South African Wine History

South Africa’s dynamic wine industry is constantly changing and reinventing itself as it takes up the challenges of global competition.

Today, more than 100 000 hectares of vineyards are cultivated by 4 700 grape farmers and wine is made in more than 500 wine cellars and estates.

 


New World versus Old World

Conventional wine wisdom holds that Europe is the Old World, while SA, among others, is the New. By extension, the OldWorld is blessed with ‘old’ terroir. (Terroir, loosely, is the combination of vineyard-site-specific elements which affect the resultant wine.) The NewWorld makes do with terroir that is less venerable, less ‘authentic’ and ‘valuable’. It is a perception which condemns the NewWorld to perpetual subordination.

For, in winemaking, terroir matters — you need great terroir to make great wine. If there is a passionate winemaker who doesn’t believe this, I have yet to meet her or him. Less certain is the relative importance of the various elements that constitute terroir. Winemakers appear to agree on two — climate and soil — as having a special significance.

Climate is mercurial, cantankerous, it threatens, forgives, never rests. Soil is the bedrock of winemaking dreams; its age affects structure and fertility, in turn shaping the character and flavour of the wine. Through spectacular bumping and grinding below the bedclothes of time we in southern Africa have inherited some of the most ancient soil in the world, traceable back to the first super continent, 1 000m years ago.

Our geology is like a craggy, sun-etched Wild West gunslinger — impossible to cram more character into one face. In soil terms, we are the Old World — this makes our wines different. When you capture that spirit of place in a wine it resonates with authentic brilliance. The wine echoes around your soul; maybe even your DNA.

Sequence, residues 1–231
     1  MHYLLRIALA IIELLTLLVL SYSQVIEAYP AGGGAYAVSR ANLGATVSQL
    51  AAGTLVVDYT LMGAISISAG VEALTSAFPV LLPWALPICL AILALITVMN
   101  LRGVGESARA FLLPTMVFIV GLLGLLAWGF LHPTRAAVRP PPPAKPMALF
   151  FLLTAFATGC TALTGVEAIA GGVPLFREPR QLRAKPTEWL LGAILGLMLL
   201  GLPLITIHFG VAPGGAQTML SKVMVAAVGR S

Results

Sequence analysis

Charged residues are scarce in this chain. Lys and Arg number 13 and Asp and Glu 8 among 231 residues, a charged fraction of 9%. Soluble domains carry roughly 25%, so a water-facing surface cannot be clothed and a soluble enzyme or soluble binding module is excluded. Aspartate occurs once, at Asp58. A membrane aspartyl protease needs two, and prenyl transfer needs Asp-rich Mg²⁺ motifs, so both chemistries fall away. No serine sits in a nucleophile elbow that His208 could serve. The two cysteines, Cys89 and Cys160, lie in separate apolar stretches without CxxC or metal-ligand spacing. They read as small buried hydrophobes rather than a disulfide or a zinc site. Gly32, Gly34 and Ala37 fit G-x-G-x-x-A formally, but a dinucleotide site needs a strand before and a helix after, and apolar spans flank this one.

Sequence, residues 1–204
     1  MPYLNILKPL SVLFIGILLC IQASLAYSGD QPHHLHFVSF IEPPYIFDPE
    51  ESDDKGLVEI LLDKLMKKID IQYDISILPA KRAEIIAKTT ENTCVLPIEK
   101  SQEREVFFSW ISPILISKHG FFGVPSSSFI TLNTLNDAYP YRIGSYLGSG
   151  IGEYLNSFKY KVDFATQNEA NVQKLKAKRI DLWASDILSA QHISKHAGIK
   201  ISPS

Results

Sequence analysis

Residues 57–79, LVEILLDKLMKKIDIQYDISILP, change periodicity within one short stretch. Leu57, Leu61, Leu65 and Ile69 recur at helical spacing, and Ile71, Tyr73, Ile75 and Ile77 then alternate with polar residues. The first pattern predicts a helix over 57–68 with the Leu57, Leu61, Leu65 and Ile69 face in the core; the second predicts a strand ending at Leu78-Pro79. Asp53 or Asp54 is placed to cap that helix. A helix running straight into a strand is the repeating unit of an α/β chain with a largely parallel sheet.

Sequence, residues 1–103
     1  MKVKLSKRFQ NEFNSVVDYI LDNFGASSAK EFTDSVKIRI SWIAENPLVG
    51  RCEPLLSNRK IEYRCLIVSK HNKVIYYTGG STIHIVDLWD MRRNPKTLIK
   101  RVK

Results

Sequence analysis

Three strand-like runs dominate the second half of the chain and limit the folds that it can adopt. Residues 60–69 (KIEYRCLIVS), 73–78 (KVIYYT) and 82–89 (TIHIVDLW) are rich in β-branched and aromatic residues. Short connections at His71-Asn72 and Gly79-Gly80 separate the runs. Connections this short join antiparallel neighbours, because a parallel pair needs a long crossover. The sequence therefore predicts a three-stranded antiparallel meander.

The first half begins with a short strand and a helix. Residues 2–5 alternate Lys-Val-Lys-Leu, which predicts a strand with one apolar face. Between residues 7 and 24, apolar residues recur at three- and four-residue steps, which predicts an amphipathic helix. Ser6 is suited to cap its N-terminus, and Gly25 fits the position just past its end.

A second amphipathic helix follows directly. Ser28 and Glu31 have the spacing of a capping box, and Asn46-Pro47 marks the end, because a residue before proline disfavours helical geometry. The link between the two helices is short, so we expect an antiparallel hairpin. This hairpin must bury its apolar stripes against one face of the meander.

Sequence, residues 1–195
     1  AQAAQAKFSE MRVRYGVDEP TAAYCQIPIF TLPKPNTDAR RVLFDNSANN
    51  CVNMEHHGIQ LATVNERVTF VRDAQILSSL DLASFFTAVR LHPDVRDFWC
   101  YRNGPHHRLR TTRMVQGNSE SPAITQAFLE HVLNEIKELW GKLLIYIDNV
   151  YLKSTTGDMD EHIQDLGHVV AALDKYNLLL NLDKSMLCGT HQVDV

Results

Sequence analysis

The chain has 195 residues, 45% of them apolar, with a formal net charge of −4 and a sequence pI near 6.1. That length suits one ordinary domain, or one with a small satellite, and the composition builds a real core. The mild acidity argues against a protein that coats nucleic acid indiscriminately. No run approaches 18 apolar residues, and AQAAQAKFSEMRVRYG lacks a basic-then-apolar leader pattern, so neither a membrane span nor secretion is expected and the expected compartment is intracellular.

Terroir, it is sometimes said, is influenced by the history and culture of the people who work the land. Reason is because humans affect how nature transforms the elements into life and visa versa. (Ever felt tense before a thunderstorm? Or spoken to your plants?) Europe, with its ancient and magnificent farming traditions, makes the link between man and terroir plausible. And yet, even here the evidence suggests that parts of Africa were cultivated before Europe. So even in this sense the Old World probably cannot claim supremacy over the New.

Ensconced in the cytoplasm of our cells are small structures called mitochondria which help the cells use oxygen. Mitochondria contain specific, identifiable DNA. This DNA is passed only from mother to child, and only from a female to the next generation — mitochondria reside only in the egg (not the sperm) from which we grow. Because of the inheritance pattern of mitochondrial DNA, we can track — with certainty — our maternal genetic ancestors back to a common ur-mother, the Mitochondrial Eve, who lived in southern Africa around 150 000 to 200 000 years ago. Which means the first and longest lasting interaction between man, sun and soil happened here in the collective cradle of humankind — southern Africa, the true ‘old’ terroir.  

Bruce Jack, Somerset West